(Spain, France 25 Oct 1881 – 08 Apr 1973)
Still life, fruit dish
- Other titles:
- Still life with fruit dish, Nature morte au compotier
- Not on display
- Further information
Drypoint, involving as it does the direct marking of the metal plate with an engraving tool, requires of the artist the utmost concentration and control; it is not a technique for the indecisive. Picasso was especially adept at this difficult medium. Some of his earliest prints are drypoints, or etchings with drypoint inclusions. This example of the former is from the high point of his early cubist phase, during which he and Braque had established the spatial fundamentals of the style. Like certain paintings of the same year, this still life takes its time-honoured genre into an entirely new category. The term 'analytical cubism' has been applied to the style, indicating the quasi-scientific arena of reality that Picasso and Braque were so keen to explore. Like an aftershock, a wave of energy rolls across the composition, dislodging every object from its axis. At the same time an extraordinary sense of order, which we may call cubist harmonics, stabilises the scene. In the draperies, bowls, and most of all the talismanic pears, Picasso pays obvious homage to his predecessor, Cezanne.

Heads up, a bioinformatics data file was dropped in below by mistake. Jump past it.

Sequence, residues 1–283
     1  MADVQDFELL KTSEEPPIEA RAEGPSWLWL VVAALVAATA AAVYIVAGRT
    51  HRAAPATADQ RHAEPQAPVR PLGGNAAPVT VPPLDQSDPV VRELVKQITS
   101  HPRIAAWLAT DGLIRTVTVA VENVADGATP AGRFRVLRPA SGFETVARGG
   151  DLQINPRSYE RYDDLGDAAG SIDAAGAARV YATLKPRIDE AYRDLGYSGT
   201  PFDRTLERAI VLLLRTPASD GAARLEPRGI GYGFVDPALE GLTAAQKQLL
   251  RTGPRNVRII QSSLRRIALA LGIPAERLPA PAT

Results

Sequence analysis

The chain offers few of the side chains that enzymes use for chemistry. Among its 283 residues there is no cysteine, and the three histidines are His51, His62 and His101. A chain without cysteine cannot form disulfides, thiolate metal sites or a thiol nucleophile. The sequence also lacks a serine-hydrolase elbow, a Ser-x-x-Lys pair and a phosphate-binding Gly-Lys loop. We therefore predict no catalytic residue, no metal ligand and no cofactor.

Art Gallery Handbook, 1999.
- 13.0 x 11.0 cm image; 38.0 x 30.3 cm sheet
- Signature & date
Signed l.r. sheet, pencil "Picasso". Not dated.
- Purchased 1986
- Accession number
- © Pablo Picasso/Succession Pablo Picasso. Licensed by Viscopy, Sydney